pat mccrory
Photo Credit: North Carolina Department of Transportation

WINSTON-SALEM, N.C.—Gov. Pat McCrory has shocked opponents of House Bill 2 (HB2) once again by making a light-hearted joke about the discriminatory legislation. After being introduced at a rally for Republican presidential candidate Donald Trump, McCrory pointed to the exits with the comment, “if any of you need to use the restrooms… and if you have any questions, go to Philadelphia where the Democrats are.” Though the jab was met with chuckles in the crowd, LGBT activists aren’t laughing.

“Gov. McCrory’s callous joke about state-sponsored discrimination shows he’s no better than Trump,” said a memo from Progress NC Action. “This is truly a new low.”

Related: Lawmakers take $500,000 from disaster relief for HB2 defense upon McCrory’s request

Roy Cooper, McCrory’s opponent for the upcoming election, was just as critical of the governor’s action.

“Governor McCrory may be making jokes, but his discriminatory law is no laughing matter—it has already cost us jobs, hurt our economy, and damaged our reputation,” said a Cooper campaign spokesperson.

Further criticism comes from Mara Keisling, a representative of the National Center for Transgender Equality. Beyond the harm done to transgender people, Keisling expressed shock, saying, “I would at least expect him to care that [HB2] is hurting North Carolina economically.”

Further discussion of the controversial law took place at the Democratic National Convention (DNC) where an LGBT Caucus was held. Gov. Andrew Cuomo (D-New York) spoke persuasively in support of full repeal.

“If you’re against discrimination, then you’re against all discrimination,” Cuomo said. Under Cuomo’s leadership, New York has placed a ban on non-essential travel to North Carolina, costing Duke University their much-anticipated basketball game against Albany.

Also at the DNC, an historic event took place; Sarah McBride became the first openly transgender person to ever address a national party convention. McBride’s speech alluded to HB2.

Related: McCrory heckles openly gay lawmaker over loss of NBA All-Star Game

“LGBTQ people are still targeted by hate that lives in both laws and in hearts,” McBride said. “Despite our progress, so much work remains.”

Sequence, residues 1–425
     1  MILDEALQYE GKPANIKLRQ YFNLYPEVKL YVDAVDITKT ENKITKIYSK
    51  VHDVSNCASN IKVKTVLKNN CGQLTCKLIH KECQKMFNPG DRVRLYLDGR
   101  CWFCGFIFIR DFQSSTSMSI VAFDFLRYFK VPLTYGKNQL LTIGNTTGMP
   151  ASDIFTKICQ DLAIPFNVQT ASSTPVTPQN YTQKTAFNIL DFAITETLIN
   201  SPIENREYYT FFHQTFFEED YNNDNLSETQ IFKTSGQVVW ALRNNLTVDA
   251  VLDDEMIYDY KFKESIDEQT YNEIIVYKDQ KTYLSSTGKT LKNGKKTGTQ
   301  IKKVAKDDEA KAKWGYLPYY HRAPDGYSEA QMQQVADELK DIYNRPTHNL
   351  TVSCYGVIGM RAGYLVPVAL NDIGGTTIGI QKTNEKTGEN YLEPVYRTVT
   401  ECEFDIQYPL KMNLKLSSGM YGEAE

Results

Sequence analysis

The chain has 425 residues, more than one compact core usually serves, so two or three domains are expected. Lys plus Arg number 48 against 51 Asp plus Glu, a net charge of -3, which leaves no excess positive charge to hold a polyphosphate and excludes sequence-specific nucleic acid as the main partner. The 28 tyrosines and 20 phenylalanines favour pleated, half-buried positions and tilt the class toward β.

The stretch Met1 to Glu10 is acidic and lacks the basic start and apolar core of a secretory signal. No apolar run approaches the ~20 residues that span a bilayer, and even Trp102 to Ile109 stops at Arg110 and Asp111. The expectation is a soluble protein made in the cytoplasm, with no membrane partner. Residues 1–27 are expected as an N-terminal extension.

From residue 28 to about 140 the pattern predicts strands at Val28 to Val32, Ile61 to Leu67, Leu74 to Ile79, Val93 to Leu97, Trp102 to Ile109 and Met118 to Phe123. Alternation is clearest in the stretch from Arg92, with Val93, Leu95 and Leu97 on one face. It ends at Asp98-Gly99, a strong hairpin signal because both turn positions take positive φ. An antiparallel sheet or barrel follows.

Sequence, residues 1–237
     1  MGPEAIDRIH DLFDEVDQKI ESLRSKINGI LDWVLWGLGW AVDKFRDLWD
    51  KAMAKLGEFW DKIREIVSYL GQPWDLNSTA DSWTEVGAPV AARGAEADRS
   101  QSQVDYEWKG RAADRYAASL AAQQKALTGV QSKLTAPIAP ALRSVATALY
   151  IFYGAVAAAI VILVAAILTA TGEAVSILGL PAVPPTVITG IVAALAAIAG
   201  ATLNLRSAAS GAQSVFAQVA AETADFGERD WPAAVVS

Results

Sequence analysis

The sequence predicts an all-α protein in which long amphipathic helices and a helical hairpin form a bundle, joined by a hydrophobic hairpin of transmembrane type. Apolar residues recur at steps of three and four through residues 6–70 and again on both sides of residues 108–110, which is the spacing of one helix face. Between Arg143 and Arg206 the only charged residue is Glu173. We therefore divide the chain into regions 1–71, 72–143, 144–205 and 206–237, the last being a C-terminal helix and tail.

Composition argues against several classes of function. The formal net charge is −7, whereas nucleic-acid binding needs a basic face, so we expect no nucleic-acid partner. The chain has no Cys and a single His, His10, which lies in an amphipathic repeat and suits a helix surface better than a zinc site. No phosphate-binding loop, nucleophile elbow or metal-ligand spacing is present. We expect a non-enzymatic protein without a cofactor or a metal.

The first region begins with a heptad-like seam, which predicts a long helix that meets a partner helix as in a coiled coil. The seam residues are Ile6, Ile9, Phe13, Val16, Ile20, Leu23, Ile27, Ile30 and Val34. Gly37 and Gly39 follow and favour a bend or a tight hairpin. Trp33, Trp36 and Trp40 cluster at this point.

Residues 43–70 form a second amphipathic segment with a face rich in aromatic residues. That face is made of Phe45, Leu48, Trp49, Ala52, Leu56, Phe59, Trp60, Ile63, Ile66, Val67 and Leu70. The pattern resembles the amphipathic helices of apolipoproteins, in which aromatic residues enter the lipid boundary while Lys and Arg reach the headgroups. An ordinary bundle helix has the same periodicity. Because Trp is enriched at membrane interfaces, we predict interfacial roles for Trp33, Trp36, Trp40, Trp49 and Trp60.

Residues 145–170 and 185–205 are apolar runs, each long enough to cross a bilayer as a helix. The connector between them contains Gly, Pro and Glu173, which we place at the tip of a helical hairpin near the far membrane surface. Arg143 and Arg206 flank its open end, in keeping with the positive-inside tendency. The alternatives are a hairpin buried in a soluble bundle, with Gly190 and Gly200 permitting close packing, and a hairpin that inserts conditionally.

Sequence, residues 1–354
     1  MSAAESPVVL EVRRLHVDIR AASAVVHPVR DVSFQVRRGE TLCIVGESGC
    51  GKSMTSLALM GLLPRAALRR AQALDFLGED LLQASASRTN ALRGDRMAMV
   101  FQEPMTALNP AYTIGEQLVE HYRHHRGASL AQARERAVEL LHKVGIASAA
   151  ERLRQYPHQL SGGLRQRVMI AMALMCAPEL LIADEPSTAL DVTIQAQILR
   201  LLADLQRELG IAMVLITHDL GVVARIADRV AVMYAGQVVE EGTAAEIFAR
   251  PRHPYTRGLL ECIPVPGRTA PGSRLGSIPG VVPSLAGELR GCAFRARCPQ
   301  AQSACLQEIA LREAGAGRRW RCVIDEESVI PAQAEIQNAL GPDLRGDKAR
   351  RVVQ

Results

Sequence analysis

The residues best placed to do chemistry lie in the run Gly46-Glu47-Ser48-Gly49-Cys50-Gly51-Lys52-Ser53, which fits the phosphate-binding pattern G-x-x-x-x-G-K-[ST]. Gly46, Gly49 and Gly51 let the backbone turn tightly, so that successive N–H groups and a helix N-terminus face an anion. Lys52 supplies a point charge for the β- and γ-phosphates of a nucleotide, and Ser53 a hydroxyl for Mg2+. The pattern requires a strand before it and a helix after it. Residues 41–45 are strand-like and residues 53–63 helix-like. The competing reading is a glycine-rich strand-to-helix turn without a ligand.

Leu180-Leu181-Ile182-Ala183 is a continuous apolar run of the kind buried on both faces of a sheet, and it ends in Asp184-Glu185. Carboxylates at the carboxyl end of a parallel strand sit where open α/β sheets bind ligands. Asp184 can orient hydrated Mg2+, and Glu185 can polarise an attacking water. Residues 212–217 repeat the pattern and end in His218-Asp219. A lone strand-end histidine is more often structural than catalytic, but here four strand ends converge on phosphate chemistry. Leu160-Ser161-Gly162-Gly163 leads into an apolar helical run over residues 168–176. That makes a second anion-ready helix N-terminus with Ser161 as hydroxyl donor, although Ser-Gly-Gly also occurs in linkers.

That work has been undertaken by a coalition of states headed by New York and Washington. The 10 states and the District of Columbia have filed an Amicus Brief in support of the federal government’s lawsuit against North Carolina for discrimination. States that have signed the brief also include: California, Illinois, Washington, Maryland, Connecticut, Vermont, New Mexico and Oregon.

“This country’s strength is found in our diversity and inclusiveness,” Cuomo said in a press release. “At a time when so many are seeking to create rifts that separate Americans from one another, it is our responsibility to fight back.”

New York Attorney General Eric Schneiderman agreed, saying, “Transgender people deserve to live with dignity, free from discrimination.”

Another participant in the brief is Connecticut Gov. Dan Malloy, who spoke at the DNC against HB2 and its governor. Malloy doesn’t buy the “bathroom safety” explanation for the legislation.

“Your governor is telling fibs,” Malloy said. “[He] would have pretended to be a choirboy if it would help him get elected…This is about discrimination. This is something we’ve got to stand up and push back on.”

Related: McCrory says NC and NBA had deal on HB2 that fell through

These allegations did not go unnoticed; McCrory representatives lashed back at Malloy by citing Connecticut’s budget shortfall under the current governor’s leadership.

The same coalition and two additional states also filed another court brief against Texas, where politicians have challenged the federal government’s pro-transgender bathroom initiative.

The federal court cases concerning HB2 are scheduled to begin on Monday, Nov. 14. However, a preliminary hearing will be held on Aug. 1 to hear arguments regarding an immediate injunction to stop enforcement of the bathroom provisions of the law.